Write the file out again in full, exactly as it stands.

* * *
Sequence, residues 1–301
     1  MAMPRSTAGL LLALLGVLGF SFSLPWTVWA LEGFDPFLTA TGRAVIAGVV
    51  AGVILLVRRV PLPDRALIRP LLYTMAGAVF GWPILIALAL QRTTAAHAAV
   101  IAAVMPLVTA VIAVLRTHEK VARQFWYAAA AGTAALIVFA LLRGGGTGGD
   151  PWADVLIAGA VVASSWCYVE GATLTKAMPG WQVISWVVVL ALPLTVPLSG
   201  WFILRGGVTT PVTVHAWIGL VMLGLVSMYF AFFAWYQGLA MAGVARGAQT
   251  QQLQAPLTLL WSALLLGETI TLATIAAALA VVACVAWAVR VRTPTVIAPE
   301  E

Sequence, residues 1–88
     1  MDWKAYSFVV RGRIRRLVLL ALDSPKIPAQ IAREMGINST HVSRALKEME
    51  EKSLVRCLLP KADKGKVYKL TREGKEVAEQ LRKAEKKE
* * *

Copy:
Sequence, residues 1–301
     1  MAMPRSTAGL LLALLGVLGF SFSLPWTVWA LEGFDPFLTA TGRAVIAGVV
    51  AGVILLVRRV PLPDRALIRP LLYTMAGAVF GWPILIALAL QRTTAAHAAV
   101  IAAVMPLVTA VIAVLRTHEK VARQFWYAAA AGTAALIVFA LLRGGGTGGD
   151  PWADVLIAGA VVASSWCYVE GATLTKAMPG WQVISWVVVL ALPLTVPLSG
   201  WFILRGGVTT PVTVHAWIGL VMLGLVSMYF AFFAWYQGLA MAGVARGAQT
   251  QQLQAPLTLL WSALLLGETI TLATIAAALA VVACVAWAVR VRTPTVIAPE
   301  E

Sequence, residues 1–88
     1  MDWKAYSFVV RGRIRRLVLL ALDSPKIPAQ IAREMGINST HVSRALKEME
    51  EKSLVRCLLP KADKGKVYKL TREGKEVAEQ LRKAEKKE